Flavours: Red Grape, Blood Orange and Nutmeg Spice.
SCAA Score: 86
Where is it from?
In Rwanda, coffee has brought hope for a better future since the dark days of Civil War that shook the country back in 1994. Coffee has been used as a vehicle for positive change in the years that have followed, and the country is now rightly heralded as a top producer of fine specialty coffee.
Coffee was introduced to Rwanda in 1903 by German missionaries. As a cash crop it received government backing but the focus was very much on quantity rather than quality. However, the impact of the world coffee crisis in the late 1990s, when prices fell for several years below the cost of production, caused many Rwandan coffee farmers to rethink their position. Working hand in hand with the Rwandan Coffee Board (OCIR Café), international NGOs such as USAID, the Gates Foundation, and other coffee-focused organisations, a specialty coffee sector was created in the early 2000s.
Rwanda is blessed with ideal coffee growing conditions that include high altitude, regular rainfall, volcanic soils with good organic structure and an abundance of Bourbon. The vast majority of Rwandan coffee is produced by smallholders of which there are thought to be around half a million, with parcels of land often not much larger than just one hectare per family, with an average of approximately 180 trees each. Coffee is grown in most parts of the country, with particularly large concentrations along Lake Kivu in the west and in the southern province. Rwandan smallholders organise themselves into cooperatives and share the services of centralised wet-mills – or washing stations as they are known locally. Flowering takes place between September and October and the harvest runs from March to July with shipments starting in late May / early June.Gasharu was built in 2015 by Celestin Rumenerangabo, and became fully operational in 2016. Celestin comes from a background in coffee, with experience building a well-known specialty coffee washing station in 2006, named Birembo. Gasharu has a membership of 539 farmers who deliver cherry to the station, growing at altitudes ranging from between 1600-1800 masl. The station itself sits at 1670 masl and is located in the Gatare Cell of the Karimbi Sector, above Lake Kivu in the west of Rwanda. This year the station processed 254 tons of cherry and Celestin hopes to improve this next year with emphasis on maintaining the high quality.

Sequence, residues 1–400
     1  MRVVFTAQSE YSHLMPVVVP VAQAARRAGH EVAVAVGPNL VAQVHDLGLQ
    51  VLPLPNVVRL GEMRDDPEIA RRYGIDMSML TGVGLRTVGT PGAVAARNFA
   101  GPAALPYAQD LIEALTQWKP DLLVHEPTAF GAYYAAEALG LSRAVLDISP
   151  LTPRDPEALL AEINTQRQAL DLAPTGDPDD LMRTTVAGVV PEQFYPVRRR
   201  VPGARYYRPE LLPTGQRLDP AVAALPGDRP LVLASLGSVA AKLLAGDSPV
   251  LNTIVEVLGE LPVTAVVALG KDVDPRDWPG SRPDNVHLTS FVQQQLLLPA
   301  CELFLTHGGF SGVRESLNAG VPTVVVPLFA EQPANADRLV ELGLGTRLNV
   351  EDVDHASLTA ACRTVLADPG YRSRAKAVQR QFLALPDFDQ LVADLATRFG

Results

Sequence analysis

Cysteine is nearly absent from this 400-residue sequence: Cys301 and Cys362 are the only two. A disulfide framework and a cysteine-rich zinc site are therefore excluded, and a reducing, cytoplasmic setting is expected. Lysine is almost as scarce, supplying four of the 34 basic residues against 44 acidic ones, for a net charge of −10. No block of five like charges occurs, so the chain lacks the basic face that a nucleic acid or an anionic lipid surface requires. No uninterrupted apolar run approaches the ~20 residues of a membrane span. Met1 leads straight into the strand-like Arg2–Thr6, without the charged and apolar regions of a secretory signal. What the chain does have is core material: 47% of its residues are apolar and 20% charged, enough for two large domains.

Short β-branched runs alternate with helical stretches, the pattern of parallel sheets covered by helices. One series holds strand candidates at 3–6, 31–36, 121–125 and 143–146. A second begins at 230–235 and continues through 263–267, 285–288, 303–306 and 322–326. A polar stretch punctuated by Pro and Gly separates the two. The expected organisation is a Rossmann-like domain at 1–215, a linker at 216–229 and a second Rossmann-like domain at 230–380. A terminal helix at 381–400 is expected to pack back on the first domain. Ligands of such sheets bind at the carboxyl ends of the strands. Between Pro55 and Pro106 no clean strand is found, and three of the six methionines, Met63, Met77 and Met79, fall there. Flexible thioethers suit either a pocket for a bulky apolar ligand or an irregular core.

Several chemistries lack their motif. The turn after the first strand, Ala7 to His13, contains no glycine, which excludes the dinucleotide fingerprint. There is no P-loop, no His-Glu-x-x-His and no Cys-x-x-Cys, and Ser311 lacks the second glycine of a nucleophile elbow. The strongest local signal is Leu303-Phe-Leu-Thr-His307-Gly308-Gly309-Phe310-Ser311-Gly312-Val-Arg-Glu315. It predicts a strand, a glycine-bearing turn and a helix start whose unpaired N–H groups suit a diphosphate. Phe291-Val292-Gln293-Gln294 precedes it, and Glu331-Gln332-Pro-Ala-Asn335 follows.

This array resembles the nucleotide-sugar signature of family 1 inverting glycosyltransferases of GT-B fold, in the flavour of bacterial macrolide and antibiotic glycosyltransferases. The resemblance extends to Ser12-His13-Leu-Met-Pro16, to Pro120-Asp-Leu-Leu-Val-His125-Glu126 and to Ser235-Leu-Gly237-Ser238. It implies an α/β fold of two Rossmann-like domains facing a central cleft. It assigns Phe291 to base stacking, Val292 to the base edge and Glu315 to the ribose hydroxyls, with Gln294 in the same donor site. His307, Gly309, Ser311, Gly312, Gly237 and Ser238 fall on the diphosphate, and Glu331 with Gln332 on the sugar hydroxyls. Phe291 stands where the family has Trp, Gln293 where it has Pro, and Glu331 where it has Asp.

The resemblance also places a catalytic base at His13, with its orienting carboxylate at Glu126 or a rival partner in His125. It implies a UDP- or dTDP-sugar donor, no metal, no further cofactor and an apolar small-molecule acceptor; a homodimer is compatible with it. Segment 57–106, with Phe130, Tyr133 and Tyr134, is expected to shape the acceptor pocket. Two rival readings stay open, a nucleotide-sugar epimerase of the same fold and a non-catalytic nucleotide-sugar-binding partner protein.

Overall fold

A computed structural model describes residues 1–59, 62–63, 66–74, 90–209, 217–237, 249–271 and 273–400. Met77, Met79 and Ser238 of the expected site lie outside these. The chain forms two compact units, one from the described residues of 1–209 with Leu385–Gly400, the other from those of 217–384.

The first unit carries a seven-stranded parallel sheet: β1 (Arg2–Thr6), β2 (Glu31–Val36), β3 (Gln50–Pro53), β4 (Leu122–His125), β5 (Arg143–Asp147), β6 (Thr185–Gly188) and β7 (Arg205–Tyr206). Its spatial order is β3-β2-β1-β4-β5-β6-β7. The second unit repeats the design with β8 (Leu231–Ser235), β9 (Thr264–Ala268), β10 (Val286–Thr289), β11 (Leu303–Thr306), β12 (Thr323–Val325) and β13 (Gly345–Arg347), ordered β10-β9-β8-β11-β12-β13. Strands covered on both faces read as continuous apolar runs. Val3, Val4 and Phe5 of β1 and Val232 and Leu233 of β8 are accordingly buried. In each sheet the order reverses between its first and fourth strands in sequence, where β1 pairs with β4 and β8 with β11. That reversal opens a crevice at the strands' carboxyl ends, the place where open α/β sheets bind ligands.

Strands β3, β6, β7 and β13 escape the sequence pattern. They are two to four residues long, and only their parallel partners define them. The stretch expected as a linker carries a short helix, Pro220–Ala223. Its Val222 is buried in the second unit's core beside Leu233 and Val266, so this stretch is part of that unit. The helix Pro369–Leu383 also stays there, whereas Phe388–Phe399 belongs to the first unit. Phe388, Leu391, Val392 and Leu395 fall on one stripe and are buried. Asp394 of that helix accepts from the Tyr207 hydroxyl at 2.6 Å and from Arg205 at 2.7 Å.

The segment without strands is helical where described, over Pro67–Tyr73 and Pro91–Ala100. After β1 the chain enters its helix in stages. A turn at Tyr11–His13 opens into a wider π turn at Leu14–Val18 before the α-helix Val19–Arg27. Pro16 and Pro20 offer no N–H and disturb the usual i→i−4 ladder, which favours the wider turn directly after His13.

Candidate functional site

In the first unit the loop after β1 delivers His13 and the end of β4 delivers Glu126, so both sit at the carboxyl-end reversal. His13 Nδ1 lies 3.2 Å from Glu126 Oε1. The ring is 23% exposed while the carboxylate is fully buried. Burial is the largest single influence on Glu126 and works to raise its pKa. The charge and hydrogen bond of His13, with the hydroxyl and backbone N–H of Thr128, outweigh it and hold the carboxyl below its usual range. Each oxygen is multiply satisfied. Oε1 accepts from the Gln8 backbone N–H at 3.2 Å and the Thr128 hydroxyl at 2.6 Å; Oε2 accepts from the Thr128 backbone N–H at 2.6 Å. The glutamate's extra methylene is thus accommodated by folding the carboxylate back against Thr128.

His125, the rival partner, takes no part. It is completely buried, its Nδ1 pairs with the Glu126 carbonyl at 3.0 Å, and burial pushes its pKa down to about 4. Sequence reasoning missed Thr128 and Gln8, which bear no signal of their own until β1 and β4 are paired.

Once collected, the cherry is passed through a Mckinnon 3 disc pulper before undergoing 12 hour dry fermentation, followed by 8 hour wet soaking. After this, the coffee is then sorted in density grading channels before being transferred to raised African beds to dry for between 16 and 20 days. The parchment is then transferred to Kigali and to RTC’s dry mill for parchment removal, bagging and export.
This coffee scored a very high 86 in SCAA cupping. It is roasted to a medium profile with flavour notes of r ed grape, blood orange and nutmeg spice and sweet and rounded cup.